The title: “The Quickening Maze”
Could the title be a take on Section CXV of Tennyson’s In Memoriam?
“Now fades the last long streak of snow,
Now burgeons every maze of quick
About the flowering squares, and thick
By ashen roots the violets blow.”
The structure of the book is in seasonal parts over a period of 18 months. If John Clare left Beech House in July of 1841 then the book takes place between Autumn 1839 and Spring/Summer 1841.
Prologue: The World’s End
An unnamed John Clare at an early age – a bit dreamy, childlike, normal? – maybe? Very interested in nature but when he wanders away from known areas is scared.
Early on, Clare had bought a copy of Thomson’s Seasons and began to write poems and sonnets. In an attempt to hold off his parents’ eviction from their home, Clare offered his poems to a local bookseller named Edward Drury. Drury sent Clare’s poetry to his cousin John Taylor of the publishing firm of Taylor & Hessey, who had published the work of John Keats. Taylor published Clare’s Poems Descriptive of Rural Life and Scenery in 1820. This book was highly praised, and in the next year his Village Minstrel and other Poems were published.
Chapter 1 p. 13 – Woodford – is a large suburban town in northeast London, England, occupying the north-western part of the London Borough of Redbridge.
Photo from: John Clare Ephemera
http://johnclareephemera.blogspot.com/p/john-clare-and-high-beech.html (great site!)
Charles Dickens began Barnaby Rudge (1841) with a description of the Forest in 1775. Alfred, Lord Tennyson lived at Beech Hill House, High Beach, from 1837 until 1840, where he wrote parts of In Memoriam (1850), on the death of Arthur Hallam. (It took 17 years to write and it’s a very long poem – LINK.)
A.H.H. was Tennyson’s friend Arthur Henry Hallam and the poet used the elegy to pose questions about the apparent conflict between love as the basis of the Christian religion and the callousness of nature. If nature is purposeless and heartless, how can we believe in creation’s final law? But, as a Christian, how could he not?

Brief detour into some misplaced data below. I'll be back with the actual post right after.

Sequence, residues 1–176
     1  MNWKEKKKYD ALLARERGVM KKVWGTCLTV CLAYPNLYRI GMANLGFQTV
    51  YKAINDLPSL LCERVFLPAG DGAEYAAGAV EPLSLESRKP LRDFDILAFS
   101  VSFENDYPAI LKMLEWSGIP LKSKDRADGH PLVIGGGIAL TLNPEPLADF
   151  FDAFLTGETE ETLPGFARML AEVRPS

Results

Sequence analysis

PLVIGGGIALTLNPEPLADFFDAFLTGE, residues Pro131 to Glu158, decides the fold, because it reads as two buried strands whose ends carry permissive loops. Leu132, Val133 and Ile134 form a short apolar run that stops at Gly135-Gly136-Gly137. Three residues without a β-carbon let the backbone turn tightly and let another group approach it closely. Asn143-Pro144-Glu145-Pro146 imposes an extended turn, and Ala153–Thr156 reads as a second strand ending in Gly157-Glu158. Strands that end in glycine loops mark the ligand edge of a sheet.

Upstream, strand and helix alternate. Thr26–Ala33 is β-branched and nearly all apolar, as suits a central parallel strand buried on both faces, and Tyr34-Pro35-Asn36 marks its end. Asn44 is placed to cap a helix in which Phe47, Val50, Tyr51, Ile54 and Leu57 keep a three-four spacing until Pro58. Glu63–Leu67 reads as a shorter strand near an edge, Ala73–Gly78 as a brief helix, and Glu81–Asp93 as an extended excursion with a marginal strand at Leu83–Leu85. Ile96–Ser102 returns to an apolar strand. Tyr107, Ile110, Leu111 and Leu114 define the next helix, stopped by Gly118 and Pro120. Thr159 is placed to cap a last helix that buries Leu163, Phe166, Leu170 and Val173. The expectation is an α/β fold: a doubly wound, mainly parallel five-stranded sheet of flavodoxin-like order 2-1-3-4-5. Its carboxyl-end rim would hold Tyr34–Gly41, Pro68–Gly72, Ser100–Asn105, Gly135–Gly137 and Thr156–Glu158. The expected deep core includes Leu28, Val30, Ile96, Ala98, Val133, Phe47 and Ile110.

Suffering from depression, Tennyson stayed for two weeks as a guest of Allen’s asylum and would have encountered Clare at Leopard’s Hill (Lippitts Hill) Lodge or perhaps walking in the Forest. He reported that the mad people were ‘the most agreeable and most reasonable persons’ he had met.
Both Tennyson and Clare could see the lights of London ‘flaring like a dreary dream’ from their hilltop position. Edward and Helen Thomas settled at High Beech cottage from October 1915 until 1917, when Edward was stationed at Loughton Camp and they were studying John Clare. Photo at right of John Clare by William Hilton. More HERE:
Clare was at Dr. Matthew Allen’s High Beach Asylum from July 1837 until he walked home to Helpston and Northborough in July 1841. He stayed at the Leopard’s Hill Lodge and was free to work the fields and walk the Forest. http://www.thewordtravels.com/johnclare.html
Photo on right of Alfred Lord Tennyson as a youngish man by Samuel Lawrence. He was really quite handsome. He would have been about 28 years old when he visited High Beach. Melancholia apparently ran in Tennyson family. (p.28)
“In a modern context, ‘melancholy’ applies only to the mental or emotional symptoms of depression or despondency; historically, ‘melancholia’ could be physical as well as mental, and melancholic conditions were classified as such by their common cause rather than by their properties.” http://en.wikipedia.org/wiki/Melancholia
And what was Melancholia in the Victorian era? From:
Mania, dementia and melancholia in the 1870s: admissions to a Cornwall asylum
All but a few patients were labelled as having mania (38%), dementia (35%),or melancholia (26%. Diagnoses such as 'moral insanity', popular in other parts of the country, were not used in pro- vincial Cornwall. The following case record of an admission for St. Lawrence's illustrates the use of all three terms ina single patient, possibly a case of bipolar disorder.
And about John Clare and the Romanies:
John Clare loves to go walking in the woods and when he is allowed to he runs into some Romany gypsies (they’re all named Smith) on the property. This is fascinating –
Epping Forest Gypsies – then scroll down past the picture.
Some Romany words:
“hatchintan” (p. 45) -little space, nest? – TinyURL.com/76csmfo
” hotchiwitchi “(p. 46) hedgehogs
“Articles I’d meant to point people to (and which people have now started sending in to me) include a fascinating one on the disappearance of the hotchiwitchi”